What Disney+ Should Do With the Muppets

It's not that Disney hasn't done anything with the Muppets since it acquired them from the Jim Henson Company in 2004. There have been YouTube skits, two movies (2011's The Muppets and 2014's Muppets Most Wanted), 2015's short-lived ABC sitcom, The Muppets, a series of shorts called Muppet Moments and an Emmy Award-winning reboot of Muppet Babies on Disney Junior and a series of live shows at the Hollywood Bowl and in London's 02 arena.

Yet, compared to the cultural-dominating juggernauts of the Marvel Cinematic Universe and Pixar, it feels like the Muppets have been shunted by Disney. Despite the tons of people -- evidenced by the popularity of things like Joshua Gillespie's Muppet History Twitter account -- still love the creations of Jim Henson.

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But not all is lost. As reported in February, Josh Gad (Frozen, A Dog's Purpose) is starring and writing (with Once Upon A Time creators, Adam Horowitz and Edward Kitsis), in a Muppets show set to air on Disney+ in 2020 called Muppets Live Another Day. Unlike the last Muppets TV show, Live Another Day is purportedly a period piece, set in 1984 right after the events of The Muppets Take Manhattan. The show will start with Kermit having disbanded the Muppets for whatever reason, but the group has to come back together -- and presumably team up with whoever Gad is playing -- to look for Rowlf the Dog after he disappears.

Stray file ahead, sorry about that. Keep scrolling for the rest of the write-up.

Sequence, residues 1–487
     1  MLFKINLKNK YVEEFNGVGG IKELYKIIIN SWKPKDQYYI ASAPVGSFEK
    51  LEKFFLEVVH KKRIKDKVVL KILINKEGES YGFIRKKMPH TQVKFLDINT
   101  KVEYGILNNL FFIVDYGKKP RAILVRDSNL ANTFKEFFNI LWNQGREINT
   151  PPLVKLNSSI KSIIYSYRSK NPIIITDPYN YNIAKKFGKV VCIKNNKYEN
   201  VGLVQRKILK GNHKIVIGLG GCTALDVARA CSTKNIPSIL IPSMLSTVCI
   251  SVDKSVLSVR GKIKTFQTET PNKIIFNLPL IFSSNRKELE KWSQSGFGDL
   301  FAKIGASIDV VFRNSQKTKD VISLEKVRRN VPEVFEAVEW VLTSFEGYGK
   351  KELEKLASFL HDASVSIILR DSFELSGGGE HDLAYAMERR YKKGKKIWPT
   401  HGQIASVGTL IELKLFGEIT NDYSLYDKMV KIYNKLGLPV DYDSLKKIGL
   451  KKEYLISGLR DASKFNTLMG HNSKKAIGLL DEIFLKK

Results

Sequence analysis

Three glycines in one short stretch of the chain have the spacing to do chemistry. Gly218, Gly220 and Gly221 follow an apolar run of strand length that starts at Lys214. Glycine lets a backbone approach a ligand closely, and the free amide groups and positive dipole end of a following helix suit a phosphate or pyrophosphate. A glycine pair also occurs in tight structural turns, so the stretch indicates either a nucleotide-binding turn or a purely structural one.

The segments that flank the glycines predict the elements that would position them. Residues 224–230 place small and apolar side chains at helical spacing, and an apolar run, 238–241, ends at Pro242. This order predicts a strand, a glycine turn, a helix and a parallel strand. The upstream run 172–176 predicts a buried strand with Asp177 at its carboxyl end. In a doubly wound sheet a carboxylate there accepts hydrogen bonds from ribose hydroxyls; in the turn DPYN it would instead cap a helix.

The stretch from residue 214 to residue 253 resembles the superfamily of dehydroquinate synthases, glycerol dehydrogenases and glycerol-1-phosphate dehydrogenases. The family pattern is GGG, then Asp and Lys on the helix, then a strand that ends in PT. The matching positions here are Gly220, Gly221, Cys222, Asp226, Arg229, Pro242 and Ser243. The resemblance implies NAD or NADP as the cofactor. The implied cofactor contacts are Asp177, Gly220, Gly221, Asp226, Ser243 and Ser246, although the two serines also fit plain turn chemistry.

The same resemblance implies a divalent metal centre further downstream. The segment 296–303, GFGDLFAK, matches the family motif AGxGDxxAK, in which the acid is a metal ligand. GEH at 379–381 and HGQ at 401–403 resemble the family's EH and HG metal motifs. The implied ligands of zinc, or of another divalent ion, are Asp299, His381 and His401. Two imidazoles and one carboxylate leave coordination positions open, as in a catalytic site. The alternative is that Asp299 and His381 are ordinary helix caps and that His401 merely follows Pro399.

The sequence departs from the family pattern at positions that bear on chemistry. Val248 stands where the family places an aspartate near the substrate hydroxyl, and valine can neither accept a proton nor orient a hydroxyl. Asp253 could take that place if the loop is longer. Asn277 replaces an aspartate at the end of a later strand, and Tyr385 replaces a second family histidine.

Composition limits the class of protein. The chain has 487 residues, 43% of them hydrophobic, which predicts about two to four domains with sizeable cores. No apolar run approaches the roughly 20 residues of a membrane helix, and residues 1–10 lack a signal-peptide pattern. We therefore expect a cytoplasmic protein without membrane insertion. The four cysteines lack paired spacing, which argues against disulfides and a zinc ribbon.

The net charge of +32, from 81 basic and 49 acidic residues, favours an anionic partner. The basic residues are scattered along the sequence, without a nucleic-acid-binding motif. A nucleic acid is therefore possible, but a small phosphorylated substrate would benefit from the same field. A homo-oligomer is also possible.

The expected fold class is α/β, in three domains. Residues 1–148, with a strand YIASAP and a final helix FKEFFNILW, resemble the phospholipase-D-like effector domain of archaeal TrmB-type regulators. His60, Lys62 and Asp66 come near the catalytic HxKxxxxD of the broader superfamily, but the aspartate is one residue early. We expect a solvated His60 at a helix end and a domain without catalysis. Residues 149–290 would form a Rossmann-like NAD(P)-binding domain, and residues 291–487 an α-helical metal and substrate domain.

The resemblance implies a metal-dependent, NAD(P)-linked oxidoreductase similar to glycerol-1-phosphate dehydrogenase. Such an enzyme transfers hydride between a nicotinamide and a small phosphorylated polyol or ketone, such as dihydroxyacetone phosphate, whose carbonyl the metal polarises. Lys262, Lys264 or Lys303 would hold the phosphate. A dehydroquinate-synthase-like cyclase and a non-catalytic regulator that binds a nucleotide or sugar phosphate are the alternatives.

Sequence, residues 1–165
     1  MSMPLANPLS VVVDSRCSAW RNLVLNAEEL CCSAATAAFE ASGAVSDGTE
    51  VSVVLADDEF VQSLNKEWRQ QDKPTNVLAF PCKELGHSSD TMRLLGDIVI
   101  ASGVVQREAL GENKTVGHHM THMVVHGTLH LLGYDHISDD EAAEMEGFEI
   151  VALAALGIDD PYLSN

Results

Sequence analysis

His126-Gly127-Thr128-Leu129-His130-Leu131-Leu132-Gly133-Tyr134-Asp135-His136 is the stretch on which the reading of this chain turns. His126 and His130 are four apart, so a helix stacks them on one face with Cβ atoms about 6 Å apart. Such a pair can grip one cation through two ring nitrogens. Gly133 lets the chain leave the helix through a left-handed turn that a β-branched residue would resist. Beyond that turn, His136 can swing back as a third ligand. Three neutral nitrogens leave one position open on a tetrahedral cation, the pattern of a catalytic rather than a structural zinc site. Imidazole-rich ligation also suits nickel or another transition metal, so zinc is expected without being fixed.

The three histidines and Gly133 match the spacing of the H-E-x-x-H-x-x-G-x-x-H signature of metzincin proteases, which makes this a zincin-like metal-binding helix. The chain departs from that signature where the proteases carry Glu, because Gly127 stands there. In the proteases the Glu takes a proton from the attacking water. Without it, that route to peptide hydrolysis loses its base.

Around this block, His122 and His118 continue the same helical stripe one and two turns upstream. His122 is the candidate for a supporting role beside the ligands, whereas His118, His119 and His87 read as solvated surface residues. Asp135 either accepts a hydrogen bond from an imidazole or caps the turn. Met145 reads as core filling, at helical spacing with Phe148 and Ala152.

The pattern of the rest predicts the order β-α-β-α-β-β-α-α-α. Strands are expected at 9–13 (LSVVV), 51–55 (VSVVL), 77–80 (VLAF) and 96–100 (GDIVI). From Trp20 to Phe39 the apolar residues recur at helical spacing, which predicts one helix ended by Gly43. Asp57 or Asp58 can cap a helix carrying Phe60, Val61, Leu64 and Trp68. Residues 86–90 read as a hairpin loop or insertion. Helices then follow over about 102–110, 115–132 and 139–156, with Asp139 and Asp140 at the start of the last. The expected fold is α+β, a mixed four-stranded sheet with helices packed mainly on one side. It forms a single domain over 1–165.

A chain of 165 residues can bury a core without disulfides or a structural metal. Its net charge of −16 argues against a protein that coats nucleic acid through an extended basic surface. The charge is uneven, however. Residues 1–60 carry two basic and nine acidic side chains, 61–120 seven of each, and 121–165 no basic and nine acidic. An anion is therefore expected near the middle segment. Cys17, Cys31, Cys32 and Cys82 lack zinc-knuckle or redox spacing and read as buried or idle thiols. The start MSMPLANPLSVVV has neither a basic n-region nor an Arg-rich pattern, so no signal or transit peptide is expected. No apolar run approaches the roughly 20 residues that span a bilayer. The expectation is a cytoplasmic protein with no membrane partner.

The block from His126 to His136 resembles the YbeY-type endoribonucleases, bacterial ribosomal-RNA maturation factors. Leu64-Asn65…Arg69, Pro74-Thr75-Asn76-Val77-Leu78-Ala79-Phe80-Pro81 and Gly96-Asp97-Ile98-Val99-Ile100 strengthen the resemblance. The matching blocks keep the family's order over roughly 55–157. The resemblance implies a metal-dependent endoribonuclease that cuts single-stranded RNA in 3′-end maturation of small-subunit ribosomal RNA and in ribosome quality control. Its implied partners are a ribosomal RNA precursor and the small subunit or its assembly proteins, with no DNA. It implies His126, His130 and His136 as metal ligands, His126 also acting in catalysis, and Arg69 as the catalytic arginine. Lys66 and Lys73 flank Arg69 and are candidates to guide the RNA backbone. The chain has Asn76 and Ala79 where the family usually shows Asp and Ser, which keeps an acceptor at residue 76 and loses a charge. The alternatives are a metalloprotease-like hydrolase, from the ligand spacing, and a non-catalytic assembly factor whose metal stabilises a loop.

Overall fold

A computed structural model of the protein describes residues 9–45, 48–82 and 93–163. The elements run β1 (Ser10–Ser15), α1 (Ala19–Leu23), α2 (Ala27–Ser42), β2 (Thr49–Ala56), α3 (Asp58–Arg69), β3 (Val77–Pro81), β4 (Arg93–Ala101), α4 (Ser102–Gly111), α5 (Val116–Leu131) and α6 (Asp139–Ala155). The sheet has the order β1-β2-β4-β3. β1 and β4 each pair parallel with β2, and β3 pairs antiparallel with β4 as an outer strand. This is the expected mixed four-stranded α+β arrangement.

Now, a mystery show with Muppet hijinks sounds like a great idea, make no mistake. Plus this weekend's announcement of Muppets Now -- a series of unscripted short films featuring celebrity guests -- is also a definite step in the right direction. But there's one other thing Disney+ could do with the Muppets that would get everyone talking and get Muppet diehards instantly on their side...

Bring back The Muppet Show.


It's hard to imagine now but the original The Muppet Show was -- no fooling -- one of the most popular programs on the planet during its 1976-1981, five-season run. Even though Disney's only released the first three seasons on DVD to watch those is to watch the Muppets at their best, yukking it up with still-big celebrities like Steve Martin or Rita Moreno or now-obscure-but-then-acclaimed names like Avery Schreiber or Juliet Prowse, but still being uniquely themselves. Both an old-school vaudeville throwback and yet utterly timeless, The Muppet Show is still absolutely hilarious and charming.

The revivals that have come since then have had, to put it charitably, mixed results. 1989's short-lived Jim Henson Hour on NBC, a grab bag of Muppet hijinks involving CGI puppets and more serious stuff like The Storyteller, which was described by Frank Oz in Jim Henson's biography as lacking "the usual Jim focus."

And while 1996's Muppets Tonight introduced some Muppets that've become mainstays, like Pepe the King Prawn and Bobo the Bear, others have rightfully fallen into obscurity (the less said about Spamela Hamderson, the better). The show itself was canceled by ABC and the rest of its run was quietly burned off on the Disney Channel.